State Rep. Jeremy Moss sworn in, ready to work on state funding issues

 

With family and supporters all around, freshman State Representative Jeremy Moss of Southfield was ceremoniously sworn in Monday evening at Southfield City Hall. Moss now represents the 35th District, serving Southfield, Lathrup Village, Beverly Hills, Bingham Farms and Franklin.

“In August of 2005, I first walked into Room 799 of the House Office Building in Lansing – which houses the officeof the State Representative for Michigan’s 35th House District – to begin a legislative internship during my sophomore year of college at MSU,” Moss said in an interview just before the swearing in. “Little did I know that what was supposed to be just a semester-long internship would turn into a legislative staff position with then-State Representative Paul Condino, or that I would subsequently work on several campaigns with Mayor Brenda Lawrence and then return to Lansing in 2011 as the District Director for our previous State Representative Rudy Hobbs.”

Not only did Moss spend his early 20s learning the ins and outs of Lansing, he also served as the youngest member of Southfield City Council, elected at the age of 25 in the Nov. 2011 election.

“I’m excited to be returning again to Room 799 to represent the residents of Michigan’s 35th House District in the State Legislature,” he said.

Moss hopes that he can play a role in restoring local funding. “Lansing leaders have consistently stripped the funding to cities, villages and townships that impact the quality of life in our local communities. I took a leading role as a City Councilman to fight against these cuts in order to maintainsafe neighborhoods and fix local roads. As State Representative, I’ll work to make sure that the money that should be going to local communities isn’t being used to plug holes in the state budget,” he said.

“I’m hopeful that – despite Republican rule in Lansing of all branches of government – that I’ll be seen as a pragmatic and reasonable policy maker on the Democratic side of the aisle.

“Prior to taking office as State Representative, I served a term on the Southfield City Council. City council is a non-partisan position and I was able to effectively work with the Mayor and six other strong personalities on the City Council to build consensus to pass good policy for my constituents. That’s the way I intend to operate as a State Representative.”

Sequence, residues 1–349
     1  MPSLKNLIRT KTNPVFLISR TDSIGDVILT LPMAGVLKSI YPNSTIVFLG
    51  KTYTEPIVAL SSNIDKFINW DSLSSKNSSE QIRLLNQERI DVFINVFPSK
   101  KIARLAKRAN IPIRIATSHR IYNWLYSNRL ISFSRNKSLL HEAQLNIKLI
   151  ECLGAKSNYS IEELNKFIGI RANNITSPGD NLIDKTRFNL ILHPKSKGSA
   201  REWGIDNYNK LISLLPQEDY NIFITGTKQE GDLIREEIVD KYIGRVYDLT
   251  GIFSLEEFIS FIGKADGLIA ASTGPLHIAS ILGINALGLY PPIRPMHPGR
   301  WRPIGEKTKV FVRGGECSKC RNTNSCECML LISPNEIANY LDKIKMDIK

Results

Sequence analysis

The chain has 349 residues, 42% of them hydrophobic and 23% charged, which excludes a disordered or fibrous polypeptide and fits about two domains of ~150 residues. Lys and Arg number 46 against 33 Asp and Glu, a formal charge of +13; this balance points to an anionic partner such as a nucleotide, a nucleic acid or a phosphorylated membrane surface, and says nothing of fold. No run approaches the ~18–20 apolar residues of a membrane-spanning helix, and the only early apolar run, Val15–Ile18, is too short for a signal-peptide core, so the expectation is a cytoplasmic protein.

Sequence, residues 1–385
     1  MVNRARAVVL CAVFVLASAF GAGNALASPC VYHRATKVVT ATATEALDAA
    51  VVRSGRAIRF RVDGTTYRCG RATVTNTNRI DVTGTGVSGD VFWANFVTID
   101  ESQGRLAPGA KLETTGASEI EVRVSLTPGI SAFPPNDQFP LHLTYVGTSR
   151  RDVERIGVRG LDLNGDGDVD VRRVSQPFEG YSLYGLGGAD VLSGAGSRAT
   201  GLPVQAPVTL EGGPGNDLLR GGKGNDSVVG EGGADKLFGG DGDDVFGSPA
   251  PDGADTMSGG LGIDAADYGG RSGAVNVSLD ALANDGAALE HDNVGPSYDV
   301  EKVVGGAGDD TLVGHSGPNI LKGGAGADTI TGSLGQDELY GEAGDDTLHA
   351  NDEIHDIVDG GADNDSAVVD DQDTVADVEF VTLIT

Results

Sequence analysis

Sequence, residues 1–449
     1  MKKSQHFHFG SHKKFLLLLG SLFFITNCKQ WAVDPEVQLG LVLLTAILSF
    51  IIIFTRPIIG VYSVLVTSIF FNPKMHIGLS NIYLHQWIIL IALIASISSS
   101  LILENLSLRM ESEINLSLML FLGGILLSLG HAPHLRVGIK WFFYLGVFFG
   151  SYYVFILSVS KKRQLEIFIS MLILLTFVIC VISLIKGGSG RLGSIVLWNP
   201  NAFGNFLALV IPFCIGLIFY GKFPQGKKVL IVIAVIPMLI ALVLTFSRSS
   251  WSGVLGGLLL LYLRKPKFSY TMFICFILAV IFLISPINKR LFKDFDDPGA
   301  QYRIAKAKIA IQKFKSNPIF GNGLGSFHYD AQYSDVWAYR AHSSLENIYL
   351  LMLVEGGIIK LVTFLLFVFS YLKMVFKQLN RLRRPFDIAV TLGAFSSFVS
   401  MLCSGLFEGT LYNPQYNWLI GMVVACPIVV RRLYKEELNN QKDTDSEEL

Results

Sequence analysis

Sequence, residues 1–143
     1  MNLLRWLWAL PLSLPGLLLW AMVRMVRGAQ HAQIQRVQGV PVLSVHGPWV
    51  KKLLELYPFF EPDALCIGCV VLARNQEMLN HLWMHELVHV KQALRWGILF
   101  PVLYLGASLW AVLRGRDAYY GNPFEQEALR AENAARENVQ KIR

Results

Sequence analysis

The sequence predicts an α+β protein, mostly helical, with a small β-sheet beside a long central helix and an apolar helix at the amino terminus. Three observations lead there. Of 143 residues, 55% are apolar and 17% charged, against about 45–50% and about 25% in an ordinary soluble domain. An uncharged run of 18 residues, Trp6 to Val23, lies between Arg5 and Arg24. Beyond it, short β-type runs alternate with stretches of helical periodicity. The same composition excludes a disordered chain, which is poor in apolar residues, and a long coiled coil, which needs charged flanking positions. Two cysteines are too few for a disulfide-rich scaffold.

Moss has already gone through orientation with freshmen from both parties. Turnover in Lansing can be problematic, but there is hope too.

“Term limits are one of the most significant obstacles toward producing good public policy,” he said. “State Representatives can only serve a maximum of six years (three two-year terms) so it’s difficult to build the relationships and trust needed across the aisle. As a result, there are many new members of this current Legislature who will need to learn to navigate around Lansing.

“I hopeful that short-term partisan rhetoric won’t be used as a substitute to promote a long-term legislative agenda that will help Michigan residents. The easy route would be to look at another representative and see their D or R label and assume that’s all they are. I’m looking forward to getting to know all of my colleagues and build the relationships needed to effectively advocate for my district.

“I think younger people don’t let social issues drive a wedge between us. I don’t expect to fight a political battle on marriage equality, contraception and reproductive choice with my millennial colleagues. These issues are mostly settled among the younger generation.”

Moss, like the other incoming legislators, is ready to go to work.

“The millennial generation is very impatient – and that can be a good thing in terms of public policy. We’re ready to act with a sense of urgency to get things done,” he said.

Keep up with Jeremy Moss and his work in Lansing at http://votejeremymoss.com/.

Tags:

 
 
Home